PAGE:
- "How do we know that Bose-Einstein condensates
have a common quantum phase?" - Hint: Do two condensates interfere with each
other the way other coherent waves can?
- "How do we know that fundamental constants of
nature (for example the fine structure constant, α) don't vary with
- “How do we know about the history of
- “How do we know that high temperature
- "How do we know that resistance is
quantized in certain materials, independent of sample size?"
- "How do we know that the circulation in superfluid
helium is quantized?"
- "How do we know that the magnetic flux in a
superconductor is quantized?"
- “How do we know how scanning tunneling microscopy
- "How do we know that some materials exhibit giant
magnetoresistance?" - also known as GMR
magnetoresistance of (001)Fe/(001)Cr magnetic superlattices', M. N. Baibich et
al., Phys. Rev. Lett. 61, 2472 (1988)
magnetoresistance in layered magnetic structures with antiferromagnetic
interlayer exchange', G. Binasch, P. Grünberg, F. Saurenbach,
and W. Zinn, Phys. Rev. B 39, 4828 (1989).
- Note that Albert Fert and Peter Grünberg shared the Nobel Prize Physics in 2007 for this discovery.
- Wikipedia describes GMR as
follows: "The main application of GMR is magnetic field
sensors, which are used to read data in hard disk drives, biosensors,
microelectromechanical systems (MEMS) and other devices. GMR multilayer
structures are also used in magnetoresistive
random-access memory (MRAM) as cells that store one bit of
- “What were the first
papers which described Density Functional Theory (DFT)?”
- “How do we know that stars (including our
sun) burn hydrogen into helium, generating neutrinos?” – These papers
describe the theoretical background and experimental realization of a 30
year long experiment (pioneered by Ray Davis) to detect neutrinos from the
neutrinos. I. Theoretical’, J. N. Bahcall, Phys. Rev.
Lett. 12, 300 (1964).
neutrinos. II. Experimental’,
R. Davis Jr., Phys. Rev. Lett. 12,
of the solar electron neutrino flux with the Homestake
chlorine detector’, B.
Cleveland, T. Daily, R. Davis Jr., J. R. Distel,
K. Lande, C. K. Lee, and P. S Wildenhain, Ap. J. 496, 505 (1998).
- R. Davis shared the Nobel Prize in Physics in 2002 for his long-term work on solar neutrino detection.
- “How do we know that the collapse of stars
into supernovae generate neutrinos?”
- ‘Observation of a neutrino burst from the
supernova SN1987A’, K. Hirata et al. (Kamiokande II Collaboration), Phys. Rev. Lett. 58,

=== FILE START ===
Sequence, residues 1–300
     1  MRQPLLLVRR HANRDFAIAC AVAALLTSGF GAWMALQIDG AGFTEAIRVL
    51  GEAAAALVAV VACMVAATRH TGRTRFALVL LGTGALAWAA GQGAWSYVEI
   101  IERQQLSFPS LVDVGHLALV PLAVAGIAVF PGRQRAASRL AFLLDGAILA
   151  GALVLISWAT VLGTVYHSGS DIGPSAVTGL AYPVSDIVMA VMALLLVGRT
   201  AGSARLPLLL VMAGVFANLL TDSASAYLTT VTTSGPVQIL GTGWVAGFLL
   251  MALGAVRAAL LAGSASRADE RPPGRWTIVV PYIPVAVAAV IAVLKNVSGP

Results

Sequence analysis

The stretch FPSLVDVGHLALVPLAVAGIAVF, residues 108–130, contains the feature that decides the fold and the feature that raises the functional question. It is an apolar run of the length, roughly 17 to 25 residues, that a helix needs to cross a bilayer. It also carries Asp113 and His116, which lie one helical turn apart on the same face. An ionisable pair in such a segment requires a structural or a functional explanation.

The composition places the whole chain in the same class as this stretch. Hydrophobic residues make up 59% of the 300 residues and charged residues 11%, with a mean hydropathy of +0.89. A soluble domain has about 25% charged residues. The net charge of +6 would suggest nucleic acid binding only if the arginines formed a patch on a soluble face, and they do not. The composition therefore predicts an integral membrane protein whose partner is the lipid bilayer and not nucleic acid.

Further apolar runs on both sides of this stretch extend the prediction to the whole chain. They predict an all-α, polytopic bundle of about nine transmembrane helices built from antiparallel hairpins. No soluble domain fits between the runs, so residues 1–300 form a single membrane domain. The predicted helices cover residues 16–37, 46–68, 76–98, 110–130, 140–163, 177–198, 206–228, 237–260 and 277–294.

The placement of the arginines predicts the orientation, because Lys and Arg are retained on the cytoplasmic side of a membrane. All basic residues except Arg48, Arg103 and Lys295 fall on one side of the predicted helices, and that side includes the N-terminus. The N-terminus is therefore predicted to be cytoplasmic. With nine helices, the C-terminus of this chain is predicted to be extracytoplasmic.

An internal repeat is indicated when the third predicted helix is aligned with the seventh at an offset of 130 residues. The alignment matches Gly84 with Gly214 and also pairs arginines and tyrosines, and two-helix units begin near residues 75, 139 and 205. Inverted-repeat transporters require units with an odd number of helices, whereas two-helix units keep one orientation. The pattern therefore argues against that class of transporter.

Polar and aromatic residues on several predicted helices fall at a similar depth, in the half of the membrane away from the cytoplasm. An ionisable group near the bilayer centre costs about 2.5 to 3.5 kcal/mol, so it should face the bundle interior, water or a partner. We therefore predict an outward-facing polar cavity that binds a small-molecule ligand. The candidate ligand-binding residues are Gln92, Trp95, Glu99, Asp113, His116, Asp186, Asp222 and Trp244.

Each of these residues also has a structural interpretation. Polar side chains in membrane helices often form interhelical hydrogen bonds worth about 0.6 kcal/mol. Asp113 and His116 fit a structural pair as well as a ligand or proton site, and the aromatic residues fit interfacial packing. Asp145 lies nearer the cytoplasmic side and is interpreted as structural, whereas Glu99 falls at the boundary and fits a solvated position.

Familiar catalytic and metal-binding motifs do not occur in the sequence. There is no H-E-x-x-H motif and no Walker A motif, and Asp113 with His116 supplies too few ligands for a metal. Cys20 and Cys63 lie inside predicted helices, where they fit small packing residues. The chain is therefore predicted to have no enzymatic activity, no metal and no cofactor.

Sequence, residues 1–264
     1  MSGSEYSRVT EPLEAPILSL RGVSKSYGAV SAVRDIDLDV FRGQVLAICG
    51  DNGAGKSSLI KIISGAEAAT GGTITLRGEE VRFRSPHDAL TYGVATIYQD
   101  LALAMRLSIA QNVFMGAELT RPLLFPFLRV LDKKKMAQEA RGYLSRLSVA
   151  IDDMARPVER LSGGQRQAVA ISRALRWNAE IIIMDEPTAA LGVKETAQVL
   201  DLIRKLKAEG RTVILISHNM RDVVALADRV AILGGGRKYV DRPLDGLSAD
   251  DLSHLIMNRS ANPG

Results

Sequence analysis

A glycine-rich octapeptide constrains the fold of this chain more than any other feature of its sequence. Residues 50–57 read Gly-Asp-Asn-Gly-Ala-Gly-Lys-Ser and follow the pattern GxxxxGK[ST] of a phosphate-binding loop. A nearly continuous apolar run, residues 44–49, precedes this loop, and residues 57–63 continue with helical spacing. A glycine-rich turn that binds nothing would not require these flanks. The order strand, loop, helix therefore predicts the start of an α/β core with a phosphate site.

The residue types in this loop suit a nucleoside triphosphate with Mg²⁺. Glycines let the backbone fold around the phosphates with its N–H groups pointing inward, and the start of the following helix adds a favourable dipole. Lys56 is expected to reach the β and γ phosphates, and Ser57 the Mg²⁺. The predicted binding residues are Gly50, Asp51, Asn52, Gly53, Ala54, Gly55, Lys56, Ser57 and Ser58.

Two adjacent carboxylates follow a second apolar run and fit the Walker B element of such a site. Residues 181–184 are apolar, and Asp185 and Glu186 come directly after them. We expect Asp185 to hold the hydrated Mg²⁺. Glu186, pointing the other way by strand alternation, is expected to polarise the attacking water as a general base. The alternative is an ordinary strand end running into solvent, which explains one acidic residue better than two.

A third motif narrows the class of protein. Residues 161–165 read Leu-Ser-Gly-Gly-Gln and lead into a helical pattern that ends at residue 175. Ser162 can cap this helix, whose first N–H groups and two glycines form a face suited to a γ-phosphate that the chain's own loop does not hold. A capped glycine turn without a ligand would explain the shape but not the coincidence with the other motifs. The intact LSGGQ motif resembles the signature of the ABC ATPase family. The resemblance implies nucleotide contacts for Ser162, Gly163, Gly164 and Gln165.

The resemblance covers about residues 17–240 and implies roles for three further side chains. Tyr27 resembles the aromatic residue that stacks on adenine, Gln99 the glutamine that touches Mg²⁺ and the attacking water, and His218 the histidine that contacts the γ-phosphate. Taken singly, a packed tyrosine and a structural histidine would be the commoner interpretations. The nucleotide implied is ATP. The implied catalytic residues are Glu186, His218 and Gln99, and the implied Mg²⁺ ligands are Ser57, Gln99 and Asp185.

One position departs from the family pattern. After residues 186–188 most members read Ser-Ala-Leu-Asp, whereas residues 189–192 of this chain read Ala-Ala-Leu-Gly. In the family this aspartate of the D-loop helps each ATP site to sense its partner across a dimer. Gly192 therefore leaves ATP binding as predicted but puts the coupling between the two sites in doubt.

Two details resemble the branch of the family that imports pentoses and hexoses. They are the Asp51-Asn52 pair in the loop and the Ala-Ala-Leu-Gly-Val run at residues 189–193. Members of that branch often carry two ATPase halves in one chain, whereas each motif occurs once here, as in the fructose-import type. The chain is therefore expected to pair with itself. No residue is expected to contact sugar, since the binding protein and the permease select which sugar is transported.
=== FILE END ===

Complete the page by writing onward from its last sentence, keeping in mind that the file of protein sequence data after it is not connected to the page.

- The observation
of these neutrinos almost immediately led to stringent bounds on the mass
of the electron neutrino. If neutrinos had too much mass, neutrinos of
different energy would have take different
lengths of time to arrive on earth, but a short (in time) pulse was
observed. Two papers which derived such bounds (including one by my Ph.D.
adviser!) are listed below.
- ‘Upper limit on the mass of the electron
neutrino’, J. N. Bahcall and S. I. Glashow,
Nature, 326, 476 (1987).
- ‘Neutrino mass limits from SN1987A’, W. D. Arnett
and J. L. Rosner, Phys. Rev. Lett. 58, 1906 (1987).
- "How do we know that there are
- "How do we know how the light elements were made
during the evolution of the early universe?"
- 'The origin of the chemical
elements', R. A. Alpher, H. Bethe, and G. Gamow,
Phys. Rev. 73, 803 (1948).
- Note the (very
intentional!) pun with the authors names --
first three letters of the Greek alphabet, α, β, and γ.
- "How do we know that there is a cosmic
microwave background (CMB) in the universe, and what its temperature
- "How do we know that the CMB is the
best black-body spectrum ever discovered"? - like ever!
- “Why do we think that there is a maximum
energy to cosmic rays?” – due to
their interaction with the cosmic microwave background (CMB).
mechanics and electricity/magnetism:
- “How do we know that there is deterministic
- ‘Deterministic non-periodic flow’, E. Lorenz, J.
Atmos. Sci. 20, 160 (1963).
- This was one of
the first papers to demonstrate that many physical and mathematical
dynamical systems can exhibit ‘sensitive dependence on initial
conditions’, one of the hallmarks of chaos.
- "How do we now that terrestrial
gravity works on things as small as neutrons?"
- "How do we know that Coulomb's law behaves as 1/r2?"
* - "To understand the future, we have to go back in
From 'Back in Time' - written by Armandano
Christian Perez (a.k.a. Pitbull), Adrian Trejo, Urales Vargas, Sylvia
Robinson, Mickey Baker, Ellas Mcdaniel,
and March Kinchen.
† - R. W. Robinett
Last updated 02/28/2018